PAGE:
PAOLA – Paola City Council members likely will remove the city’s existing mask mandate at their next meeting Tuesday, April 13, based on comments they made at a work session Tuesday, April 6.
Paola’s mask ordinance was first approved last July by a 3-2 vote, following a lengthy and emotional public comment session during which community members made impassioned pleas on both sides of the debate.
The council took action after the Miami County Commission at that time overruled the governor’s executive order establishing a statewide mask mandate and approved a resolution making masks a strong suggestion but not a mandatory requirement.
The commissioners clarified that individual cities, school districts and businesses in Miami County may choose to set their own mask requirements, and Paola was one that chose to implement the mandate.
Last November, Gov. Laura Kelly issued another statewide mask mandate, and this time the Miami County Commission decided to not opt out of it.
That statewide mask mandate expired March 31, and Gov. Kelly’s attempt to get a new statewide mask mandate implemented was revoked by a 5-2 vote of the state’s Legislative Coordinating Council on April 1.
Paola City Council members have been reviewing the city’s mask mandate during each monthly meeting since it was instated, and it was a primary topic of discussion during the council’s work session Tuesday, April 6, at the Paola Fire Station.
Council member Trent Upshaw voted against the mask mandate last July, and since its implementation he has asked that it be reviewed during each month’s council meeting. He previously has expressed concern that there was no definitive timeline set for the mandate or specific guidelines established to determine when it might be lifted.
During the April 6 work session, Upshaw said now is the time to lift the mask mandate because there is no longer one in place at the county or state level.
“I think it gets harder and harder for us to justify it,” Upshaw said.
Council member LeAnne Shields agreed.
“I’m voting to do away with masks,” Shields said. “If anybody wants to wear them, they can choose to wear them.”
Council member Leigh House said she’s sticking with the strategy she used last July when she voted against the mask ordinance. She said she is listening to the majority of her constituents and voting as they ask her to. House said she has heard from people who were in favor of masks last summer, but this time they want the mask mandate lifted.
“I personally feel it’s time to end it,” House said. “I think people are being personally responsible.”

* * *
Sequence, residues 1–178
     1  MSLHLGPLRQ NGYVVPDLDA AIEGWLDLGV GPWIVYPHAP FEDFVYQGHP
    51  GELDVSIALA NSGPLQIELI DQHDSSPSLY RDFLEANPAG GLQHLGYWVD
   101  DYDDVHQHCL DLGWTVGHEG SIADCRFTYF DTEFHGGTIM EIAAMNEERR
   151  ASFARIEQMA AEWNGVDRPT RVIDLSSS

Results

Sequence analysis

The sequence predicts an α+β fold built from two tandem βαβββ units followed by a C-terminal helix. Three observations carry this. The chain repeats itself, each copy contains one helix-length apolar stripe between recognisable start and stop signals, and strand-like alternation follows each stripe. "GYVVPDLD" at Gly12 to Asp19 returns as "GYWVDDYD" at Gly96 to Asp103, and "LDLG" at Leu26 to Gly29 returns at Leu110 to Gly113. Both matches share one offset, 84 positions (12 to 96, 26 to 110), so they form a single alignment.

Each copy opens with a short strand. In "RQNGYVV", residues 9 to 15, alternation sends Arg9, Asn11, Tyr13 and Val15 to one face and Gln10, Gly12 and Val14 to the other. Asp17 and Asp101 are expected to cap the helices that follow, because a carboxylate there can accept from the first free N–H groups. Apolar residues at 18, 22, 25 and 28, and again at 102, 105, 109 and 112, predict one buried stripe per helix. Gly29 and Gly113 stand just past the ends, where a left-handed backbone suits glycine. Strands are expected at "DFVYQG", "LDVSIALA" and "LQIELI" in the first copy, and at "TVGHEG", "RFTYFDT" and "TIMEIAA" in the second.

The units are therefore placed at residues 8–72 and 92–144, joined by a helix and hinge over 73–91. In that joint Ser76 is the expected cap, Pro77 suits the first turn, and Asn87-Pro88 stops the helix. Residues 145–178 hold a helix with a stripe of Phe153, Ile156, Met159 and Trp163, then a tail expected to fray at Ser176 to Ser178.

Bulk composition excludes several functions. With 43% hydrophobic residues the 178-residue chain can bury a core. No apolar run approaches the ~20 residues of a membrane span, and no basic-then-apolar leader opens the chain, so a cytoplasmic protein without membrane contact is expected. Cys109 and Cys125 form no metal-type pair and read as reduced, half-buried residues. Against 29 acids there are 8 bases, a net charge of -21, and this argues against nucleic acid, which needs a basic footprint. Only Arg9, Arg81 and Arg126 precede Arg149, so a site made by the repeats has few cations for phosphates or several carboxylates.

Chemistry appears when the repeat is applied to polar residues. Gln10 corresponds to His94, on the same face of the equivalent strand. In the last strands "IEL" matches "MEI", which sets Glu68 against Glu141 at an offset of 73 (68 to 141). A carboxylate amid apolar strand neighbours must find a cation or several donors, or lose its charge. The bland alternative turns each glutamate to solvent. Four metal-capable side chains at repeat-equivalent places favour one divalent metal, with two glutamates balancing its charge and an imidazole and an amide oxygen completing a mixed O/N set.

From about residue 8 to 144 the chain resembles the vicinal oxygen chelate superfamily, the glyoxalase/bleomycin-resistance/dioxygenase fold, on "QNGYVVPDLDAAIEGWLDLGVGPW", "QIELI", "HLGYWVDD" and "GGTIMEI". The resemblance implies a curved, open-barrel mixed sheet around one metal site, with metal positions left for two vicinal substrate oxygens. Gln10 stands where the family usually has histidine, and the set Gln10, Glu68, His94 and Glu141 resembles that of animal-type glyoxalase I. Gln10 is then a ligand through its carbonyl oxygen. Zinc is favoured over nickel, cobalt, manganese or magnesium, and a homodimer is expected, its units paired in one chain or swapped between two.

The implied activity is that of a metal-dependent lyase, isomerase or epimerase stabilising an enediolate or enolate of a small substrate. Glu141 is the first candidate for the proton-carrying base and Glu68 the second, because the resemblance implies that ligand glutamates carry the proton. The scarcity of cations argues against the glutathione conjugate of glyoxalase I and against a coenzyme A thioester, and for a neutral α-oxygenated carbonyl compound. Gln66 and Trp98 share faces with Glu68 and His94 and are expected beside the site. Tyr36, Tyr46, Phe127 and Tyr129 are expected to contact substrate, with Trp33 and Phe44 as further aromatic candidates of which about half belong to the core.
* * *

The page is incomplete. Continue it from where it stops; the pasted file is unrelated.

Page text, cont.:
The opinion was not unanimous though.
Council member Dave Smail, who voted last July to implement the mask mandate, asked his fellow council members to hold on a little bit longer, especially since cases are reportedly on the rise in other parts of the country.
“If we can make it one more month, we can get over the hump,” Smail said. “I want to see us not have to put them back on two or three months down the road.”
Smail said he would be ready to vote to remove the mask mandate during the May 11 council meeting.
Paola Mayor Artie Stuteville, who cast the tie-breaking vote last July to implement the mask mandate, also expressed some concerns about lifting the mandate. She said students who have to wear masks at school could be exposed in public places if the mandate is lifted, and she said they are more likely to now gather together in groups with the weather warming up.
No official decision could be made at the work session, but based on the discussion, City Manager Sid Fleming said an ordinance would be drafted to remove the mask mandate, and the council members are expected to vote on the ordinance during their meeting Tuesday, April 13.
Even if the mandate is lifted, local businesses will still be allowed to implement their own mask requirements. Fleming also said he’d like to still require masks in certain city buildings, such as the Paola Community Center, because of the possibility of large groups gathering there. A majority of the council agreed to give Fleming the go-ahead to come up with a mask plan for city buildings, regardless of how the vote goes on the city’s mask mandate.